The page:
23 Apps Every Music Lover Needs to Know About

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Our smartphones are probably the best music accessories we have — but with over 1,700 apps vying for our attention, most of us aren't even close to using them to their full potential.

You likely know about the big ones (Shazam, Spotify, SoundCloud) but did you know your smartphone could also detect songs for you as you go through your day, tune your guitar and help you write better songs?

Here are 23 apps every music lover needs to know about to get the most out of their smartphone. 

Source: SoundHound

1. SoundHound (free)

Move over Shazam — if you're trying to find out what that annoying song you can't get out of your head is, open SoundHound. This app goes a few steps further than Shazam in identifying music all around you. If a song isn't currently playing, you can sing or hum right into the app to find that track you can't get out of your head. The app shows the lyrics of the music it identifies in real time, so if you're listening to something on the radio, it'll display lyrics mid-song. And while Shazam creates a playlist of songs within the app, SoundHound can add songs you find from the app to your personal playlists in Spotify or Rdio.

2. Magic Piano (free) 

Still regretting the decision to stop taking piano lessons at age 10? Magic Piano won't turn you into the piano prodigy you always dreamed of becoming, but it will let you play your favorite songs by guiding you to the right keys with beams of light. Add in some notes and a rhythm of your own to personalize the song. The app includes plenty of hits to choose from, and, if you get bored of just playing piano, you can change the instrument to an organ or a harpsichord.

3. Sing! Karaoke (free)

You don't have to wait for a karaoke bar or to be alone in your shower if you want to bust out into song. Sing! Karaoke lets you sing all of your favorite songs any time of day, anywhere you are. You can record videos of your solos and share them with followers on the app. It also has a few helpful features, like vocal enhancement, to improve your voice where it might need a little extra help, and, if you don't want to solo, you can do a duet with pre-recorded tracks from pop stars like Ed Sheeran and Ariana Grande.

4. Tenuto ($3.99) 

This app will help you become a better musician, and it lets you practice wherever you want. With 15 key exercises ranging from ear training to music note recognition, the app is designed to make you a more well-rounded musician by focusing on the basics. Tenuto, created by musictheory.net, also takes the advanced lessons available through their service and condenses them into these select exercises for your phone so you can keep practicing wherever you are.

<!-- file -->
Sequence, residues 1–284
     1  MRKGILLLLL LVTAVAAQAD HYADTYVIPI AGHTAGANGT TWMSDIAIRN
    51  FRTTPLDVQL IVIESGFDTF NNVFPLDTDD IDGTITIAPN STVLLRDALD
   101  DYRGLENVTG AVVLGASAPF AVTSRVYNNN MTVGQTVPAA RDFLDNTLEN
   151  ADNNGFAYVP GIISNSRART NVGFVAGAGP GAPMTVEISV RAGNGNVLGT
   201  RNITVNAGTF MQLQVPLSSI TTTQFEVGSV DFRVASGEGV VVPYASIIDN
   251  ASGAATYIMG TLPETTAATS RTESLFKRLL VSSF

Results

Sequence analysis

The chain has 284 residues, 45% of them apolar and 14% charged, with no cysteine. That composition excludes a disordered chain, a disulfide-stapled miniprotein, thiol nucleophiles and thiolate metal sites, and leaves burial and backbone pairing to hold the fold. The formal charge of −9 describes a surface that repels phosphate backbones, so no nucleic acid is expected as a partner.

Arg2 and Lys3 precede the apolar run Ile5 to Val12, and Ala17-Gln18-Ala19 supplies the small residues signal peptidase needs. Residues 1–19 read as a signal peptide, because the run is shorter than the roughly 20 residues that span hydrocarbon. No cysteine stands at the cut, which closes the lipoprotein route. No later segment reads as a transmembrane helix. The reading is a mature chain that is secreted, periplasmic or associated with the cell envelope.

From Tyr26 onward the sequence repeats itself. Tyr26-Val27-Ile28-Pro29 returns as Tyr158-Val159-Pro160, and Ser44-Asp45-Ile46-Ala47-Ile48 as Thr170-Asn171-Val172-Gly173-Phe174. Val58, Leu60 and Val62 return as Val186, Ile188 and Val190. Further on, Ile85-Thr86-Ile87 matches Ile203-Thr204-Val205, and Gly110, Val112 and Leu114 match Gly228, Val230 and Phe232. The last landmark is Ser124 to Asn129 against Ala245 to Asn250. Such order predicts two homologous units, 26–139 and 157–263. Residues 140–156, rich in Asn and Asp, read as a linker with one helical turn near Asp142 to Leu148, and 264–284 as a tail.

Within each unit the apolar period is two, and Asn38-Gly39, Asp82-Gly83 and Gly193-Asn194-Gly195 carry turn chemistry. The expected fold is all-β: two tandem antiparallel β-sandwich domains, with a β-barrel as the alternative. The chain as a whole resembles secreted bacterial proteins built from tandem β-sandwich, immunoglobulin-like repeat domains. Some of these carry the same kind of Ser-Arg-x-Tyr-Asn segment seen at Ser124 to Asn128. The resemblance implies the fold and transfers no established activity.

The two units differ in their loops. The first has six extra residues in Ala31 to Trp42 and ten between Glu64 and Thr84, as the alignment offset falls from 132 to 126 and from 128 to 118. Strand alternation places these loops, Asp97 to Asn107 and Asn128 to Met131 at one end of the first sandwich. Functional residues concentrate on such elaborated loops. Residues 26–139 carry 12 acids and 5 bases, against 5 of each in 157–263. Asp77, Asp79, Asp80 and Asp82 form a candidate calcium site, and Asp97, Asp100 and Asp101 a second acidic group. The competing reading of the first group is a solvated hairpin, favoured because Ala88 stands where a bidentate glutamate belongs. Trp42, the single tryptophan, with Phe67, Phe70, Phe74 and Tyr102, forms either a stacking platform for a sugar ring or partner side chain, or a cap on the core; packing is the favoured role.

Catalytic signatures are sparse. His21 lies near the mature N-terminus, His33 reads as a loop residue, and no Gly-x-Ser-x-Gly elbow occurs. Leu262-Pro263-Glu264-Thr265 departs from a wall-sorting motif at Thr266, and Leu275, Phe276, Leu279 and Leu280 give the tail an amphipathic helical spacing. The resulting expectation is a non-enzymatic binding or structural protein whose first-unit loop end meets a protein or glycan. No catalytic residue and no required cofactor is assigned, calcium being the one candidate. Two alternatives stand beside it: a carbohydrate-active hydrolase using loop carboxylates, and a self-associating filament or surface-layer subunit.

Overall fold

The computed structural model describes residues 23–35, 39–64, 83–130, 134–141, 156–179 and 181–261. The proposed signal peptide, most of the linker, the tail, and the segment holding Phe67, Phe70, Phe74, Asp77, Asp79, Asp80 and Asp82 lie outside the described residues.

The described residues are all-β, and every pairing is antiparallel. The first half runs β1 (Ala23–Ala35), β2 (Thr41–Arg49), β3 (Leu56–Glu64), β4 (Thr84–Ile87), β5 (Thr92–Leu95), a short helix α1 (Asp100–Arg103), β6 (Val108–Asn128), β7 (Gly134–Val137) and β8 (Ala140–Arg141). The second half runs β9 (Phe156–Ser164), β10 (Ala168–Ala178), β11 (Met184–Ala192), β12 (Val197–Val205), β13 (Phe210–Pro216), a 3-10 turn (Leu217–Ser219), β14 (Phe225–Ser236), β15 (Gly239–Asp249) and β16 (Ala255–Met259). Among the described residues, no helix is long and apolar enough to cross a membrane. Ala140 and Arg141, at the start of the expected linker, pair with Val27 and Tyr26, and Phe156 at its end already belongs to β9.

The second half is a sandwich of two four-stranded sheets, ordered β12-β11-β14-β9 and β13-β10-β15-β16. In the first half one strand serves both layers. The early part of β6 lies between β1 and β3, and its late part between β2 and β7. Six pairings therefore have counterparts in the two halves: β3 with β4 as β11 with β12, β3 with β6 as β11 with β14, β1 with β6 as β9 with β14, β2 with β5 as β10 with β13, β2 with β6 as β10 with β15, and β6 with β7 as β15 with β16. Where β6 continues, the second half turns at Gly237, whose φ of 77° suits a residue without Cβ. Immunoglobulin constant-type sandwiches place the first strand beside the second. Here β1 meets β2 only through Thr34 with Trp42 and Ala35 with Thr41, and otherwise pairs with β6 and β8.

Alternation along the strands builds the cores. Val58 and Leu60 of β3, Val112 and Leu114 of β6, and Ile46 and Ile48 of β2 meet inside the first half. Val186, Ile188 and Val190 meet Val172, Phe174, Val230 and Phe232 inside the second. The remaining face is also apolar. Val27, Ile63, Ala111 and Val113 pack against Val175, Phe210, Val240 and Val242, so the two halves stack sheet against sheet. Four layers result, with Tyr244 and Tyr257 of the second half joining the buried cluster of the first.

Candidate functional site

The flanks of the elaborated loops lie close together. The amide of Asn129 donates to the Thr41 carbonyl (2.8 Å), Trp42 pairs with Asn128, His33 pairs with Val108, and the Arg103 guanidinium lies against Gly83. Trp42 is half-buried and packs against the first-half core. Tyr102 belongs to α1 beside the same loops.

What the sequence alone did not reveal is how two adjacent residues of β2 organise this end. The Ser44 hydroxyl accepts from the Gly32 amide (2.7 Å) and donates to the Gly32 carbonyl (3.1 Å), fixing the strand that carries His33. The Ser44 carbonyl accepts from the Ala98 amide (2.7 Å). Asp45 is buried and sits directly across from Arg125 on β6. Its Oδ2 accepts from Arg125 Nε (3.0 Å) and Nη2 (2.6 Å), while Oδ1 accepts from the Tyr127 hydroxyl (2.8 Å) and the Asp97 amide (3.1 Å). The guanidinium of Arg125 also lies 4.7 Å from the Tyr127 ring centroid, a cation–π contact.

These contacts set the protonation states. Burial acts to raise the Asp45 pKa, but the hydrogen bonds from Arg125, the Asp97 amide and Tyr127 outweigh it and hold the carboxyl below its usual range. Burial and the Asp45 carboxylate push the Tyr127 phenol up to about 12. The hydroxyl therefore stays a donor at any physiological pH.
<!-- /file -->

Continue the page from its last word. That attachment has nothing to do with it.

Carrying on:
5. Slacker (free) 

If you're not satisfied with your streaming service, you might want to try Slacker radio. It provides custom radio stations curated by music experts. If you're looking to explore a new genre, this is an easy and straightforward way to do it. Check out Slacker's featured stations page to get started. 

Source: Songkick

6. Songkick (free)

Whether you're an avid concertgoer or you just always miss concert announcements for your favorite band, this app will help you see the music you want. Songkick searches your music library of choice — iTunes, Google Music, Spotify or Rdio — and creates a personalized concert calendar. You can set up alerts for your favorite artists so you never miss buying tickets before they sell out. 

7. Djay (free, $2.99, $9.99, $49.99)

By far one of the most popular and advanced DJ apps available on both iPhone and Android, djay turns a smartphone into a mini turntable. It can integrate with Spotify (for Premium users) and iTunes, so you can mix your favorite songs right in the app. There are varying levels of intensity depending on how serious a smartphone DJ you want to be, ranging from the free version on Android phones to the $49.99 djay Pro on the iTunes app store. 

8. DM1 – The Drum Machine ($4.99) 

This app puts a drum set right in your iPad or iPhone (sorry, Android users). Created by Fingerlab, the app lets you play, record and mix sounds electronically. The step sequence, where you can create new beats, and the drum pads, where you can play and record new sounds on your own, are both useful for aspiring or experienced drummers looking to play via phone or tablet.

Source: GarageBand

9. GarageBand ($4.99) 

Many people know about the popular music making computer software from Apple for their computers, but the tool is also extremely powerful in app form. GarageBand's mobile app gives users a mini, portable recording studio. You can use Smart Instruments to sound much more advanced than you really are, create songs anywhere and then share those songs over iCloud from a smartphone.

10. Walk Band (free)

Like GarageBand, this music production program gives users a portable band to create music right from their phone. Walk Band includes a suite of portable instruments to make new music or jam on the go. The instrument toolbox includes a keyboard, drum kit, guitar, drum machine and bass. This one's only available on Android.

11. Metronome (free) 

For any tried-and-true musician, being able to detect a tempo before you play or perform is crucial. Metronome helps you do just that no matter where you are. If you need to check your tempo before starting a performance, this app will do the trick. 

Source: Figure

12. Figure (free)